Selling Sex to Avoid a Financial Crisis

Editor’s Note: This article previously appeared in a different format as part of The Atlantic’s Notes section, retired in 2021.

That’s what this reader did, in part, and she’s not ashamed of it:

I didn’t realize how lucky I am until I read Neal Gabler’s article, “The Secret Shame of Middle-Class Americans,” about the financial insecurity that apparently plagues most of them. At this moment I am a 46-year-old single woman who could indeed come up with $400 for an emergency, or even $2,000. But to reach this place of relative security, I broke all the rules and violated just about every norm of stereotypical middle-class life:

  • I never married and never blended finances with a romantic partner.
  • I never had kids.
  • I never bought a home; I’ve rented apartments for 25 years.
  • I never bought a new car; I buy cars directly from previous owners and pay in cash. (The most I’ve spent on a car is $4,800.)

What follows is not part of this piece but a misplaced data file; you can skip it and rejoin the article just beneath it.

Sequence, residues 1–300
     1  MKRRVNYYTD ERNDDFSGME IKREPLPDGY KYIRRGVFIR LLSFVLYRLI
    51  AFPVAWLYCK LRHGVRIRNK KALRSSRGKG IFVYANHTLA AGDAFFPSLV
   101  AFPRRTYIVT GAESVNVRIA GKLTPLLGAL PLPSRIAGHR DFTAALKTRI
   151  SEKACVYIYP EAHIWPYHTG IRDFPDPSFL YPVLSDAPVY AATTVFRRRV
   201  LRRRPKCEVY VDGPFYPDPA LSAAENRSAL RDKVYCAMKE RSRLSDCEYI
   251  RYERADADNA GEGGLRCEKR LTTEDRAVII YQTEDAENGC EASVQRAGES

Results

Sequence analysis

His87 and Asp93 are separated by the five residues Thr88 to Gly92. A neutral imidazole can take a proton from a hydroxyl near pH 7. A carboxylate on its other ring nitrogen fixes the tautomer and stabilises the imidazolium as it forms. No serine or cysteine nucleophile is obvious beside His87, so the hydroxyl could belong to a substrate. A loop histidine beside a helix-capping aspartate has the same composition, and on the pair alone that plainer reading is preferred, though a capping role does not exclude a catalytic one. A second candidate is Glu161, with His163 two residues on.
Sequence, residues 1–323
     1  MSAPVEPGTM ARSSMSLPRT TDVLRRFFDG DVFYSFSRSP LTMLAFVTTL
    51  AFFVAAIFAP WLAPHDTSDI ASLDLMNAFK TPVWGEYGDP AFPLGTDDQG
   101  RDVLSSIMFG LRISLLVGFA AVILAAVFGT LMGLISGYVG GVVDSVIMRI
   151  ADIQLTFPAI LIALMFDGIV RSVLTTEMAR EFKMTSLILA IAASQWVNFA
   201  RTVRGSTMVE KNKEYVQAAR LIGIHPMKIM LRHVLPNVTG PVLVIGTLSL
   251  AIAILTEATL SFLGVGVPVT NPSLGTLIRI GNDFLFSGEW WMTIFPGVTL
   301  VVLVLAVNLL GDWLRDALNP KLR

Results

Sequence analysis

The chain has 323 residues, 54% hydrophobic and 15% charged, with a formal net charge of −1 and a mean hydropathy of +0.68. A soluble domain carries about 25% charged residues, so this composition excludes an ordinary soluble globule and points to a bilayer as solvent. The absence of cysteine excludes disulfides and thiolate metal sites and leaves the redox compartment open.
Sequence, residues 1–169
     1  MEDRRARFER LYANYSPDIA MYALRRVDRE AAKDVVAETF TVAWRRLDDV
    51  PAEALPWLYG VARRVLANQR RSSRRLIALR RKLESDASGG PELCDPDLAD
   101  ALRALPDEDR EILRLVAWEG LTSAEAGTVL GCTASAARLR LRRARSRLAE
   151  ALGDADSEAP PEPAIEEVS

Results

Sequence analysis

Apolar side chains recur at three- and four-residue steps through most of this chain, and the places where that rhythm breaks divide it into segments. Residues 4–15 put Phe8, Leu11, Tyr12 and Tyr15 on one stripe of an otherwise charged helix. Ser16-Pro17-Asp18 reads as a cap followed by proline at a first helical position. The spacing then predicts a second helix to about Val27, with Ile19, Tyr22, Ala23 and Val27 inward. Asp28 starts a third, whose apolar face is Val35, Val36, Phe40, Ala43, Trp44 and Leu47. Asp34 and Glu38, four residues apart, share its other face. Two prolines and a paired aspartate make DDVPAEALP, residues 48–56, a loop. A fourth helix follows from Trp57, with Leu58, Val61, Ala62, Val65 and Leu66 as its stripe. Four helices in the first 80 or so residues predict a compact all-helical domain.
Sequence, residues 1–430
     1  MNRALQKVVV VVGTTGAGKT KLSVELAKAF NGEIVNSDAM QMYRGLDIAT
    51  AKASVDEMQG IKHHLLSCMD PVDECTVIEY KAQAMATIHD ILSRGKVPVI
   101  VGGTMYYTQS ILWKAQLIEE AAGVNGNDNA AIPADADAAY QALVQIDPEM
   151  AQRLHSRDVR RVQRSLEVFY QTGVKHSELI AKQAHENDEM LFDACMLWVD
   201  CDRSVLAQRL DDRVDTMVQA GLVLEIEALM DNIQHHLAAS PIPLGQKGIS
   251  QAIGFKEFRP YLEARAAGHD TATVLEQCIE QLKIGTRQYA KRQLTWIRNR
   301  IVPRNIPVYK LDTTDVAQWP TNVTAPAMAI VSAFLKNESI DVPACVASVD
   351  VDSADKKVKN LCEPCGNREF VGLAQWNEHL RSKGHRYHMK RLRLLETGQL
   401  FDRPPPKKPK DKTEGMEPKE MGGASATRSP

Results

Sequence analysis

• I financed college and graduate school on my own with a combination of scholarships, savings, loans, part-time work and careful use of time-limited 0% APR credit cards. Although I’ve proven piss-poor at earning big salaries, I am absolutely stellar at paying off debt, so my credit rating is in the high 700s.

Still with me? You won’t be:

Even after a Master’s degree, I didn’t earn enough at my primary job to cover rent, bills, and educational debt, so I took on a second job in my 30s. And that job was escorting. I had sex for money over a period of seven years.

And I make no apologies. Per hour, it’s still the highest wage I’ve ever earned. Rarely has a job been so uncomplicated or a transaction so forthright. I have self-defense skills—a must if you’re doing something as potentially-dangerous as independent sex work—but I never had to use them. Nor did I feel demeaned by the work or by my clients; if anything, it felt like I was taking advantage of them. I was paid ridiculous sums to do something I already enjoyed. Frankly, my only regret was that I didn’t think of it sooner!

Today I feel a great deal of freedom and relatively little financial worry, but that’s largely because I’ve said “no” to the things we’re supposed to want—home ownership, children, marriage, shiny consumer goods—and said “yes” to things we’re supposed to avoid. So I can’t help but wonder: Who made the rules that say owning a home is better than renting, new cars are better than used, and an exorbitantly-priced private-school education is better than a public college degree? Who benefits from our continued belief in these rules?  Clearly, it’s not us.